All of a sudden, the indicator light went on over the second elevator, while the first elevator went down to the basement. I immediately went to knock on the Manager’s door. Out he came, with phone in hand, talking to the elevator company.

At almost the same moment, a grocery store delivery person came to the front door, with a hand cart piled high with boxes of food for residents. Then the man who’d been sitting all this time got up, as Elevator Number One came back to Main and opened. Not knowing quite what to do or say, the Manager went back to his suite – while the rest of us stepped into the elevator and headed UP.

No elevator repairmen were needed that day, or in the weeks since.

Coincidence? Accident? Or demonstration? Take your pick. But as I sat down in my apartment minutes later, I gave thanks for not having to walk up 17 floors; and for the gift this experience had given the grocery guy (who started his deliveries at the 26th floor), for the Manager, and for the man who couldn’t walk very well.

 

Thinking about Spirituality Differently

What if we began to look at the idea of “spirituality” in a different way? Not just as something that makes us feel good inside (though that’s important), as something we need to do to be “good” people, or as a religious concept we “should” believe in; but rather, as an awareness within that we are more than just physical beings. What if we saw it as experiences and insights into how consciousness, mind and thought work; and as a body of wisdom about how to use these, to make our lives and our world better?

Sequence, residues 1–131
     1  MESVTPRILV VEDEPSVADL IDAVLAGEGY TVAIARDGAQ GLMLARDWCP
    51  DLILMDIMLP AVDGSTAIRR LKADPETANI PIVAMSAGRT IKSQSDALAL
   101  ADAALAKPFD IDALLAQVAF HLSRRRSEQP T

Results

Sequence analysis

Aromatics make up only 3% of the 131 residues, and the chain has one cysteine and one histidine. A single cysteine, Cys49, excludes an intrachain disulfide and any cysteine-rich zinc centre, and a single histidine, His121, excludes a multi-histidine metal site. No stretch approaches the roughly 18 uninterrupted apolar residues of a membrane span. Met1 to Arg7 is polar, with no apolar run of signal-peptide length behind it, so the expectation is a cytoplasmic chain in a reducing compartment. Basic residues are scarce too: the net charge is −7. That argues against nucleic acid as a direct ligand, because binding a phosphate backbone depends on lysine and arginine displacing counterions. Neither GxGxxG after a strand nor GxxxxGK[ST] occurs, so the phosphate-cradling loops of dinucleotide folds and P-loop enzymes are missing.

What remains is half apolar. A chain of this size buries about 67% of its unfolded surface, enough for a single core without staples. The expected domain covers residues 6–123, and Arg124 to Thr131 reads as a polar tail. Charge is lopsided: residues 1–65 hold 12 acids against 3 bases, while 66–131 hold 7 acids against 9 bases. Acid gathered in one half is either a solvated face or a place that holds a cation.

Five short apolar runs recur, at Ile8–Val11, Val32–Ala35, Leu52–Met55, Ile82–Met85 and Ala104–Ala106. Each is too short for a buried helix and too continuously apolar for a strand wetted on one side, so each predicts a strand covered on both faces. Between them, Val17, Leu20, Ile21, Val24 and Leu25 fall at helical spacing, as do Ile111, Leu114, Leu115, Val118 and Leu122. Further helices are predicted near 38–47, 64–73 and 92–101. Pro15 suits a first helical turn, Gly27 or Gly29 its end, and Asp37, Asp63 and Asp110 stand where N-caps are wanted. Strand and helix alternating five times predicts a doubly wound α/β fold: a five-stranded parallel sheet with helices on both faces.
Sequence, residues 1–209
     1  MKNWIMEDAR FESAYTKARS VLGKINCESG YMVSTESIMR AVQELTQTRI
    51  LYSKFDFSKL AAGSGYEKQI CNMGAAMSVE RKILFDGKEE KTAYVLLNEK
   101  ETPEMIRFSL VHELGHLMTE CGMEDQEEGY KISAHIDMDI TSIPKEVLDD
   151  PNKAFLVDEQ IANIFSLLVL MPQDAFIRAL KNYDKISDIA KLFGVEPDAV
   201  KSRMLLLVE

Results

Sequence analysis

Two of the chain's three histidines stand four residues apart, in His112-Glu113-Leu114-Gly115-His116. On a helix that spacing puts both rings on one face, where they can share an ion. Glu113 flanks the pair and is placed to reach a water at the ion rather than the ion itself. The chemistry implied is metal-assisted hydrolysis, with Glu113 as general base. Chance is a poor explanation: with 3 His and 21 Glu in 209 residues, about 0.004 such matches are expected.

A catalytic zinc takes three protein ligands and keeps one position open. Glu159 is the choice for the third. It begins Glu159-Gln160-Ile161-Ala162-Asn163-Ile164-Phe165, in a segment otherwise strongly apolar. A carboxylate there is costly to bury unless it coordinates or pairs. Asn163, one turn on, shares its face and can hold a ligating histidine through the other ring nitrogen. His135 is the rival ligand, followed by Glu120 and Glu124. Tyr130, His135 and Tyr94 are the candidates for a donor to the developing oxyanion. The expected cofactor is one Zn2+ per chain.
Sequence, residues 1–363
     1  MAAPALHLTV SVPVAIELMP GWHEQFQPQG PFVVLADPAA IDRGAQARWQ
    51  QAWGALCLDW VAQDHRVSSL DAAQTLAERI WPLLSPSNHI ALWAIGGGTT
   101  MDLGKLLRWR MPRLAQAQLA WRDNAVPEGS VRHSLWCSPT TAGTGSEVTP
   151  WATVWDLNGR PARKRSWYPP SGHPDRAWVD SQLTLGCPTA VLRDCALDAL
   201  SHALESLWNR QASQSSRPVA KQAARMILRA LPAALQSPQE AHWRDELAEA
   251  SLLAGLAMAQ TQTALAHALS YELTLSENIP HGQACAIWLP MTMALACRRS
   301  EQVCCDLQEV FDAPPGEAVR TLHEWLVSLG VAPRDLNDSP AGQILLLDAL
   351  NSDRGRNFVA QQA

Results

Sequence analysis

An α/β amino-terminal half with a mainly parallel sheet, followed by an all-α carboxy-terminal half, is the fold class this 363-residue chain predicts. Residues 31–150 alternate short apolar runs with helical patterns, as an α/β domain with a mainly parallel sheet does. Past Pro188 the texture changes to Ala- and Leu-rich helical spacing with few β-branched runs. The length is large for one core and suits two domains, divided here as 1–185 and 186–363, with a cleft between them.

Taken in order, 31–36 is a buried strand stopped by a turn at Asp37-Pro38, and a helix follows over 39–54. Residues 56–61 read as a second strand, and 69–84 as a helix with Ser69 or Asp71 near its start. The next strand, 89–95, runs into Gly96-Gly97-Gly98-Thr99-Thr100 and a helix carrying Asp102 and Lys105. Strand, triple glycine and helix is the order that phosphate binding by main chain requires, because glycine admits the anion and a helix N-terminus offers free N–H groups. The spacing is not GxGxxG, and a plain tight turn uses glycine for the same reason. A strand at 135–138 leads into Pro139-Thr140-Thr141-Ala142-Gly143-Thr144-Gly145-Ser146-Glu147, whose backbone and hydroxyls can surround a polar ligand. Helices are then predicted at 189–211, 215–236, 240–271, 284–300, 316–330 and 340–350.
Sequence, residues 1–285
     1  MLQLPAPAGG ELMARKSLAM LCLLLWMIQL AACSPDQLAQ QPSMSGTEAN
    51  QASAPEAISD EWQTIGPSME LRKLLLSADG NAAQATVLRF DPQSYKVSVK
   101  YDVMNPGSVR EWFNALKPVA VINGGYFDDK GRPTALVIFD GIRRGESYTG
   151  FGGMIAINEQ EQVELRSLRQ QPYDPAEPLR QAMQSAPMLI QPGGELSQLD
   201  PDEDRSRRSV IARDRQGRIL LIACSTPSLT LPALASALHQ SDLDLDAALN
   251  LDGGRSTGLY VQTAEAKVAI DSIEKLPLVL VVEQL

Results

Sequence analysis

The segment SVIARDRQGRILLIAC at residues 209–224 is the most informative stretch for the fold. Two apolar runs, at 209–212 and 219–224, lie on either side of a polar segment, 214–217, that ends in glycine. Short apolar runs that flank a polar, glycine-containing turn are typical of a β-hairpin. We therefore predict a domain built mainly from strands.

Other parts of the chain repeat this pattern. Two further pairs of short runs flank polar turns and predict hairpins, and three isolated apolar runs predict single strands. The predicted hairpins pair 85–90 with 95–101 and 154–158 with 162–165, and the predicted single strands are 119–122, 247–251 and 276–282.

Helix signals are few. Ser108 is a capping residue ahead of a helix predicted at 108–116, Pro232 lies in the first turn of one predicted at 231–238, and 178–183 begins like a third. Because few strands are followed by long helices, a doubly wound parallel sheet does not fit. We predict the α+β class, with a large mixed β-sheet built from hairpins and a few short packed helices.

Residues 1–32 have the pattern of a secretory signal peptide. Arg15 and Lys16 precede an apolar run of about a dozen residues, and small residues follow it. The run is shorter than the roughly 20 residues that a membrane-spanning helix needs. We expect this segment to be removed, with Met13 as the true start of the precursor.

Perhaps Spirituality is really the “inner” sister of the “outer” Science, whose role it is to help us understand how the material world works. And that those three core insights – faith (or belief), works (or action), plus demonstration (i.e. results) – are actually important in BOTH worlds, for helping us to discover what is ultimately practical for daily living.

We all believe in different things. But don't we all want to know the answer to this question:
How can my thoughts, ideas, hopes and dreams, for a better life, become reality?

- - - - - - -  

Eric Hellman is a communications and change coach, and the Director of the Centre for Spirituality at Work. For more information, see http://www.erichellman.com or contact him at: erichellman@rogers.com